Interesting about the slide rule posts. For my Algebra Trig project, I wanted to learn how to use a slide rule. Mr. Marriot said no because no one would ever use them again since affordable calculators came along. This would have been '79-'80 school year. How quickly times changed. I can't say he was wrong, though.

We lived on 70th St. North of the High School. I remember fall mornings (espesially cool ones) we could hear Mr. Hartman yelling at the band. I was told he never used a megaphone. This would have been at least 3/4 of a mile away.

The pool would have been built around '74, I think. I remember walking up there from the new Jr. High both years ('75-76 & '76-'77) for swimming in gym class.

07/21/22 12:32 PM #166    

Michael Connelly (1968)

Yes, Vicki, I was saddened by the loss of your sister.  She was beautiful and a good friend back in the day.  Glenn, I join Jim in expressing my condolences for the loss of Sheila.  We spent a lot of time over at her house, she and Linda were absolutely beautiful.  Sheila was my first "official" date.  Took her to the circus that was showing by the new high school.  We held hands and that was it.  Good hearing from all of you BLUEJAYS out there...oh, before I forget...Jim, do you remember Coach Nic slapping on a helmet and running the ball with the practice squad?  Tommy Hansen drilled him in the thigh with his helmet and it bothered Coach Nic for years and years after.  I remember playing rec ball with him in the mid seventies and he always had it wrapped!  Take care all.

07/22/22 10:42 AM #167    


James L. (Jim) Beasley (1967)

Mike :

Yeah, I remember coach Nic, and he's the one who spent time showing me how to run patterns . . . I had never been a receiver before.

Coach Burgett ran the ball one practice, too.  No helmet, and someone did hit him.  He didn't do that again. 

Coach DeWitt would do that in BB prctice, too.  Come in and show Chuck Rizzuti, or Hansen how to do something.

Burgett made one big mistake.  The first practice I had pads on, I was middle linebacker on the meat squad, and I tackled Tippy behind the line two plays in a row.  You weren't there yet.  I was new, did not know who Tippy was, and did not know I was not supposed to do that.

That Friday night, I was middle linebacker against Ankeny, and I found out things happen out there no one knows about.  The next Friday night, John Danks, SE Polk's left guard, put me on my butt every play, and Craig Lamb replaced me. Danks did the same thing to Craig.

I did not start another game for two years, so Coach (RIP) corrected his mistake.

As great a coach as Frerichs was, Coach Burgett deserves a lot more credit.  For two years, our best running back(s) could not play.  But, without him moving on, Frerichs would not have had his chance when he did, just like you and me waiting for Keane and Wedemeyer to move on.


07/22/22 01:10 PM #168    

Michael Connelly (1968)

Jim....I remember Coach Burgett would hold "confessional" after Thursday night practice where you would tell him what you planned on doing to help win the game on Friday.  He was a great guy and coach.  Even though I didn't play much my sophomore year, the last game he put me in enough so I would letter that year.  Sad to see him go.  I attended his service and he was a very amazing guy.

07/23/22 10:36 AM #169    


James L. (Jim) Beasley (1967)


Coach made me the gunner on the kickoff team, which allowed me to letter my junior year.  I had never played organized football until high school, except for sitting on the bench in Little All American Football, watching kids like Clyde Duncan and Jim Kirby.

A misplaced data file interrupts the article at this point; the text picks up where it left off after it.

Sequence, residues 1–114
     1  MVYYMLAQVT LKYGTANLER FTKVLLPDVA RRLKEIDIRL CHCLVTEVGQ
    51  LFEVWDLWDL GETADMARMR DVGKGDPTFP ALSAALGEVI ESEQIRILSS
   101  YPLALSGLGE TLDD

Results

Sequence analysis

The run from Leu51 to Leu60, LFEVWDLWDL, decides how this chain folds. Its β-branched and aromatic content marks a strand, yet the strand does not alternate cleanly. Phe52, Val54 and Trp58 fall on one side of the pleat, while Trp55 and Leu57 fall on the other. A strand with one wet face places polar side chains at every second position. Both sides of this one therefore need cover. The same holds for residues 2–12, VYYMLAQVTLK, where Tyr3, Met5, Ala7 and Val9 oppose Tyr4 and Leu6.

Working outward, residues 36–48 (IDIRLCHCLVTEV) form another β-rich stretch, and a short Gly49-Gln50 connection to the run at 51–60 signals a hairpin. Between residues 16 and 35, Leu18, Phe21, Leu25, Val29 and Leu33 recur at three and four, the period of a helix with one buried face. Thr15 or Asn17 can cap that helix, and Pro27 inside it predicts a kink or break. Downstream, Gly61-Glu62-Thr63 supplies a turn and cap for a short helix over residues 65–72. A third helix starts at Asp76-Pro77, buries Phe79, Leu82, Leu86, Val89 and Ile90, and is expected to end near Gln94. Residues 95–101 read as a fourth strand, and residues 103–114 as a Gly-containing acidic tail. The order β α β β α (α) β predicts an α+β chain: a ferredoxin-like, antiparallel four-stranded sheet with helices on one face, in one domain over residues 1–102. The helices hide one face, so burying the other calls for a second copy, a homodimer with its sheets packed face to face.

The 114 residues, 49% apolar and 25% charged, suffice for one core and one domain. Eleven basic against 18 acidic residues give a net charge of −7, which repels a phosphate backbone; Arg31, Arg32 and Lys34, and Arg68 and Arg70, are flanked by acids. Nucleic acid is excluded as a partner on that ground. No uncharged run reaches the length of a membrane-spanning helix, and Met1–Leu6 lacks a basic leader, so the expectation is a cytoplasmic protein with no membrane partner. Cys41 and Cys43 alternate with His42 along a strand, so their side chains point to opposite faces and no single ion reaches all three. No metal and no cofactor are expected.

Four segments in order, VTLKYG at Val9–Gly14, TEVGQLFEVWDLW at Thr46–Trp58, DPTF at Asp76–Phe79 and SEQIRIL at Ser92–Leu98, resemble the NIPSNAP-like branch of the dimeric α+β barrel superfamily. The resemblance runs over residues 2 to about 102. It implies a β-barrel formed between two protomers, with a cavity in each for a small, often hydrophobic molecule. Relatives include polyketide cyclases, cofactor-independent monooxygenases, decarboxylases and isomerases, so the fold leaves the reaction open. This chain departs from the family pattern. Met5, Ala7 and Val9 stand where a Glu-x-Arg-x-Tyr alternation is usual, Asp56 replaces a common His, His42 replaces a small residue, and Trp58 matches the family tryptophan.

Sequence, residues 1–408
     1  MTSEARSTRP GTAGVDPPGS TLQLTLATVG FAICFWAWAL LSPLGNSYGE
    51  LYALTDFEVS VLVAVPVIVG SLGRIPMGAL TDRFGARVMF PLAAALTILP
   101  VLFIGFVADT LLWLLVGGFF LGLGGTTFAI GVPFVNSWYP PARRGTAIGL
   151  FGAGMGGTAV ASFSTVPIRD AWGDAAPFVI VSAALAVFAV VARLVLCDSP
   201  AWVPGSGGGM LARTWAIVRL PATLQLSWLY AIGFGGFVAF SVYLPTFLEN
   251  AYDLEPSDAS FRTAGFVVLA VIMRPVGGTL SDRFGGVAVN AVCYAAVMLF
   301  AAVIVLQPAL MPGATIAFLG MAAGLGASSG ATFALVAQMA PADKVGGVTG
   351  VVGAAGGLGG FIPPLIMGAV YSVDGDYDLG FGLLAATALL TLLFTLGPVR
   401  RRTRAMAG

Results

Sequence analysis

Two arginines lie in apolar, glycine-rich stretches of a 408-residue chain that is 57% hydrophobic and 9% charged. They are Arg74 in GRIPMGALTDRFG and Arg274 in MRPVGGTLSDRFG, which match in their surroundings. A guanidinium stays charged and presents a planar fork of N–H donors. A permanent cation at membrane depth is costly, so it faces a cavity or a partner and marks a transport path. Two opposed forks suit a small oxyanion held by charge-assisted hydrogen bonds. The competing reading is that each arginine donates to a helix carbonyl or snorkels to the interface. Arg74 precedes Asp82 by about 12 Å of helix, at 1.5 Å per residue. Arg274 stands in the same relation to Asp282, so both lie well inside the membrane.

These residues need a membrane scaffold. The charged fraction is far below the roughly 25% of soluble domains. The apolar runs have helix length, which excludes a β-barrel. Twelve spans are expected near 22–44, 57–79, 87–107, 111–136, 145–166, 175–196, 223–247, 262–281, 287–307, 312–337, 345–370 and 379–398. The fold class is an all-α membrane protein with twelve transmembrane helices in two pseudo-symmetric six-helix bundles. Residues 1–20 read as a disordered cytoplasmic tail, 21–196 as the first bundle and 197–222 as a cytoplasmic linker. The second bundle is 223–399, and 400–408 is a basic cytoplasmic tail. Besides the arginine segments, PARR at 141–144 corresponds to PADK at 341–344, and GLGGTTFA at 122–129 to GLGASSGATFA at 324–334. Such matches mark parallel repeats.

Just curious, since the team was so good your senior year, what kind of offense did Coach Frerichs run?  I am assuming it was not a double split end, or was it?

Were you in Des Moines when Coach Burgett died?  Covid got him early.

07/23/22 03:20 PM #170    

Richard Leutzinger (1961)

Jack Marriott was our Teacher of Mathematics throughout our High School years 1957-1961.   Calculators and Slide Rules were not in vogue yet.   Paper and pencil seemed to work pretty well, at least in our minds.

Jack was our Field and Track coach for 9th and 10th grade in addition to being a fine and understanding Teacher of Mathematics.   We probably caused him to run away to Montana for our 11th grade year but amazingly, he returned for our Senior year.

Instead of coaching us in the efficiency and practical use of the slide rule; he utilized the Theory of that well known English Economist and philosopher Thomas Malthus (circa 1800).   Malthus put a lot of energy into developing his Theory of Population Rise and Decline.  His main theory was that population grows more rapidly than the Food supply.  His important thought (and Mr. Marriott's) was that population grows until it exhausts the Food Supply; resulting in:  War, Famine, and or disease.   If Jack were alive today, he might be seeing some of Malthus' work coming to pass.   

I wanted to share something that I have always been grateful to Mr. Marriott; and I had the opportunity to share this with him when I met up with him again while I was at Iowa State University.  You see, as a freshman, I had just followed the crowd and went out for Track (as I knew it back then).  Most of my friends ran Half miles and Miles.   I was probably the 9th or possibly 10th best Half miler on the team.   In other words, I got to run plenty, but did nothing  other than delay the Meet while I finished my event.   The District meet really wasn't suited to my level of talent.  Mr. Marriott put me down to run in the One Mile Run.  I still to this day remember crossing the finish line with One lap to go; just as the winner was crossing the Line.  In polite terms, I got lapped in the Mile Run.

I decided that I needed to find a new career.   I discover much joy not too much pressure involved in Throwing Implements.  Namely Discus, Shotput and at that time; Football Throw.  Mr. Marriott thought that might be a good idea also; however, he plainly stated that he knew nothing about throwing events.  In those days, UHS did not have a Track or a Field.    Throwing took place on the Sidewalk next to the Annex and Throws were aimed at a grove of trees (Some of those trees are still there; south of the Walgreens Store.

I'm forever grateful to Mr. Marriott, not only as a teacher of Mathematics, but for his fine eye, being able to recognize (:No talent).   In fact, he and I had a laugh, when he wandered over to where I would practice throwing the Discus and Javelin up at Iowa State.  (He apparently was completing Graduate courses and was on his way back to Polk City when he discovered me working at trying to get better at Throwing objects for distance at the collegiate and National level..